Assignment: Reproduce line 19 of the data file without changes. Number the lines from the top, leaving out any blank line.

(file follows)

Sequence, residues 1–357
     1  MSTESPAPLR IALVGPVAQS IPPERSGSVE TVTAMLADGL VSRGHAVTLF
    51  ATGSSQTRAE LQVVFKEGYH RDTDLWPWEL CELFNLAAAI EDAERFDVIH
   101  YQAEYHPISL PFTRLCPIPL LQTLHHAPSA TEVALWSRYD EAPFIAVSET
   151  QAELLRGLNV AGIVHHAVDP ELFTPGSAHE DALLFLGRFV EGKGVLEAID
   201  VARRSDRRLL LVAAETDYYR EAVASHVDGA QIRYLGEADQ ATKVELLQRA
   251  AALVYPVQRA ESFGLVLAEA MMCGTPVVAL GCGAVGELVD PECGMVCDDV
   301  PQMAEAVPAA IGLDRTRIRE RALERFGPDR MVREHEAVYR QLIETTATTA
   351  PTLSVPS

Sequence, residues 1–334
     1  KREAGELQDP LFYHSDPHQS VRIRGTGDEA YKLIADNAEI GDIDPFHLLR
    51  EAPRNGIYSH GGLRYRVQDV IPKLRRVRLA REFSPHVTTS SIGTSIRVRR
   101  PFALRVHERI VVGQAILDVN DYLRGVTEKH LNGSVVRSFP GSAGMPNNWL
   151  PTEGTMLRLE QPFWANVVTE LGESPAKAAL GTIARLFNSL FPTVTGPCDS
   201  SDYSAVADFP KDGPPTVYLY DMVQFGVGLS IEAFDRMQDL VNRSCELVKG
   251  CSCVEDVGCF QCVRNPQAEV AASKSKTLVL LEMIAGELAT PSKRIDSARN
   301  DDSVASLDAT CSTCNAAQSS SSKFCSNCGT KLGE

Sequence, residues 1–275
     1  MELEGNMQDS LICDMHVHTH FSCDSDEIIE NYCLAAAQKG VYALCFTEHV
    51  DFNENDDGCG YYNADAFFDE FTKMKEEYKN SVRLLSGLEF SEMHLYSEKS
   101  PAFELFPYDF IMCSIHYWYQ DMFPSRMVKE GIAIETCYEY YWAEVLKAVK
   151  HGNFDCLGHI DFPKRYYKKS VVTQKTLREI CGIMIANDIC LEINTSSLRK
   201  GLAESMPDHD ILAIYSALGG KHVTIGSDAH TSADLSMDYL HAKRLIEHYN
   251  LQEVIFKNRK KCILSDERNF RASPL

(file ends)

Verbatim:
     1  MELEGNMQDS LICDMHVHTH FSCDSDEIIE NYCLAAAQKG VYALCFTEHV